Jesus Eduardo Lopez La Rosa
4 April 2013
Flannery O’Connor was one of the greatest writers of short stories in the 20th century. She has born in 1925 in Savannah, Georgia. She died in August 3, 1964. Flannery O’Connor died from lupus disease. Her father also died from the same disease. Flannery O’Connor includes several aspects of her life in her short stories. Her writing style was also mayor influenced by her life and her disease that will be somehow included in her stories. “The Legacy of the South” according to Flannery O'Connor's writing: a guide for the perplexed. By Michael M. Jordan “O'Connor had a very sharp eye and ear for the sights and sounds of her native land. And for me, a native of western North Carolina living in exile in the Midwest, it is a joy to encounter the "Southernness" in her fictional world, despite the fact that this world she presents is often not at all lovely. She did not wear rose-colored glasses, and her eye seized upon the depraved, the vulgar, and the grotesque. But there is no doubt that she captured the Southernness of her region.” This South Proud is included in her stories. Flannery O’Connor studied in a Catholic school; this will give her a strong sense of god and religion. Beside she went to a Catholic school, she uses the religious theme in a more ironic manner because of her life, her disease and the dead of her father by the same conditions that she had. When the reader analyze and interpret two stories “Good Country People” and “A Good Man Is Hard To Find” is important to keeping in mind the personal connections that author has with this particular genre and writing style.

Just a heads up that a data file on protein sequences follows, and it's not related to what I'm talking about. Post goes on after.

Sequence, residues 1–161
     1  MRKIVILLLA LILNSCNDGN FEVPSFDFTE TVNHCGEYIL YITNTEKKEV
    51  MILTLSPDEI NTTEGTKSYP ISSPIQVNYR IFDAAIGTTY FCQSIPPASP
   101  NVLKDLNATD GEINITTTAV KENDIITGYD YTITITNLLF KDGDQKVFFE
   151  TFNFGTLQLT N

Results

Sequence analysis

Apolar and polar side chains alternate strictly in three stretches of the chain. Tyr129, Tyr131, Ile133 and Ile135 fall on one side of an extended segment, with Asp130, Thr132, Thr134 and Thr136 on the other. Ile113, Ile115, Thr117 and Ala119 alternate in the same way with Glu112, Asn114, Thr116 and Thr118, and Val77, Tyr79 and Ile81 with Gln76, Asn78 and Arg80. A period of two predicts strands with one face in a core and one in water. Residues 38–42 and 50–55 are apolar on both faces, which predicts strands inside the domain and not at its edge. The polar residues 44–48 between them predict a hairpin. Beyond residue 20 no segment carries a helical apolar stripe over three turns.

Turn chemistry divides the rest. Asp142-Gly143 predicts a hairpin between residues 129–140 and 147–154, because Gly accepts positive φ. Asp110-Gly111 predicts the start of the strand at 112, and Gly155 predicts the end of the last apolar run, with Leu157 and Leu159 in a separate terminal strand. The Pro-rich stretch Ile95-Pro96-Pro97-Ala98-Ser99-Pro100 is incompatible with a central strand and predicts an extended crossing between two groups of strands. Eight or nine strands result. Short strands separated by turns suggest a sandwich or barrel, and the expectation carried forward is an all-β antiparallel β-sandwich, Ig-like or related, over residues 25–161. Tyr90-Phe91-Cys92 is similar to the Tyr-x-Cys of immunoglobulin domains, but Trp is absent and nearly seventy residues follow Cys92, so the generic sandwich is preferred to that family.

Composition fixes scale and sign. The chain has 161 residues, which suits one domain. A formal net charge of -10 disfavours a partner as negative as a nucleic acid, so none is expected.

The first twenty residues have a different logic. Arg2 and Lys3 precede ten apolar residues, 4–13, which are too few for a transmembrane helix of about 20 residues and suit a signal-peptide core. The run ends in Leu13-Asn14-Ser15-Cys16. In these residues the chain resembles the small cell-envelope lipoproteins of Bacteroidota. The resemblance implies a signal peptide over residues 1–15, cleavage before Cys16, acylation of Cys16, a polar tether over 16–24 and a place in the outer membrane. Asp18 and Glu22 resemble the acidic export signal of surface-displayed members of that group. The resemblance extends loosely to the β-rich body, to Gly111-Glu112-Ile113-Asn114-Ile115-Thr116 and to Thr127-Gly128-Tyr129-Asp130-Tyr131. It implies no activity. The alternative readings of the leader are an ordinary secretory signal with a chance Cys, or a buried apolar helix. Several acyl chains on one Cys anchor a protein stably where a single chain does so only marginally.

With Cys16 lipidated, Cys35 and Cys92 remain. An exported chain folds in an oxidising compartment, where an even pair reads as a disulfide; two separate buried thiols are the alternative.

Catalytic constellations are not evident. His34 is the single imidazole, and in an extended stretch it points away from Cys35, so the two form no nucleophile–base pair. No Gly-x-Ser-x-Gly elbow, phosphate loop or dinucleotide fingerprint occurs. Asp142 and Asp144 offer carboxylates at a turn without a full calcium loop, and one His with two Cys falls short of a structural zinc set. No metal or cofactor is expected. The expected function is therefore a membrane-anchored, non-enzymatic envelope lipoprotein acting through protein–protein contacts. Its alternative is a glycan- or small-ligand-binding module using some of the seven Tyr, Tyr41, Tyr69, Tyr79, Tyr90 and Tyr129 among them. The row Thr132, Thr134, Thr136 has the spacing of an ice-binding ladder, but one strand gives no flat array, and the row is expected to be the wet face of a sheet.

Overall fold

“Good Country People opens with a vivid description of Mrs. Freeman and her inability to see any character flaws in herself. A woman who can never be brought to admit she is wrong; she instead will change the subject or become distracted with something else. This opening scene also introduces...